Do you opt to do nothing when conditions change?


It is the so-called status quo bias: our tendency to stay as we are and to stick with the decisions we took at the time in the face of any changes and alternatives that crop up. It is the decision to do nothing. We know that financial institutions can unilaterally modify the original terms of our account agreement and, for example, introduce new fees provided they notify us with at least two months' notice. If, upon this notification, we choose to do nothing, it is understood that we tacitly accept the new conditions. This is what we are talking about when we refer to the status quo bias.  

However, we also have other options at our disposal, such as, in the case of the example, talking to our bank to negotiate the new conditions or transferring the account to another bank that offers us better conditions (under the new regulations, transferring accounts is very simple and free of charge.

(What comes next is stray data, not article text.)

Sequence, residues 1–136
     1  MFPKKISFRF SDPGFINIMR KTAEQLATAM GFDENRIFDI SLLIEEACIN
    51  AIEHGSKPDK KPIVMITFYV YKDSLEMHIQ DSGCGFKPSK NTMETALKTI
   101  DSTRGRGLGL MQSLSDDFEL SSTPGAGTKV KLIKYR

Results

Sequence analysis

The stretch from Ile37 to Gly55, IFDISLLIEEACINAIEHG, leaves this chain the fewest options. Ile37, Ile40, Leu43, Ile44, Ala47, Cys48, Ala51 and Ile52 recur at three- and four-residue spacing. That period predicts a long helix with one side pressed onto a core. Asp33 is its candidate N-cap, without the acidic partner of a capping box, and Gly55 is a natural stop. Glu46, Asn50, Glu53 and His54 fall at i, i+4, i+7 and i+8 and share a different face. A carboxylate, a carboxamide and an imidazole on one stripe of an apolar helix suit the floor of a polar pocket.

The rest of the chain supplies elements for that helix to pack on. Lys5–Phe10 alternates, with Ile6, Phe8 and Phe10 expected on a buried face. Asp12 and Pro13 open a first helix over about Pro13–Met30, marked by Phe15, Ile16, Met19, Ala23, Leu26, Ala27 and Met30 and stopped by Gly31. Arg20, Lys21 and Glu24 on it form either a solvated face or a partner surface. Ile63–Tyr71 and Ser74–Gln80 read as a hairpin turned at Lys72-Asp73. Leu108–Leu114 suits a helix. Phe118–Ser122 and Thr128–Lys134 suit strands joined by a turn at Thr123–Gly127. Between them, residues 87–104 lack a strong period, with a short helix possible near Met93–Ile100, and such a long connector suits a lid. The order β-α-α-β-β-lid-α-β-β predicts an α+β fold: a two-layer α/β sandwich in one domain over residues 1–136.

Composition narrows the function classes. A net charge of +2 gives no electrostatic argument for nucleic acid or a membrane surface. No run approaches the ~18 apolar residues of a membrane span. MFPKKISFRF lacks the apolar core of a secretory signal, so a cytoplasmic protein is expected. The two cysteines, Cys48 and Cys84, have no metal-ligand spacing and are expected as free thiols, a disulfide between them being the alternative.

In opposition to the status quo bias and our tendency to stay as we are, we propose these two strategies to use your head when faced with a change in the conditions of your financial products: 

  • STRATEGY 1: Use this Banco de España interest rate and fee comparison site Abre en ventana nueva to be able to compare the fees and interest rates applied by the different institutions and choose the best option for you. Using this comparison site also saves you time. 
  • STRATEGY 2: Pay attention to your bank's notifications. Remember that you should regularly check the e-mail inbox that you have enabled as a customer of the institution.

Reference: Samuelson, W. and R. Zeckhauser (1988) Status quo bias in decision making, Journal of Risk and Uncertainty, 1: 7-59


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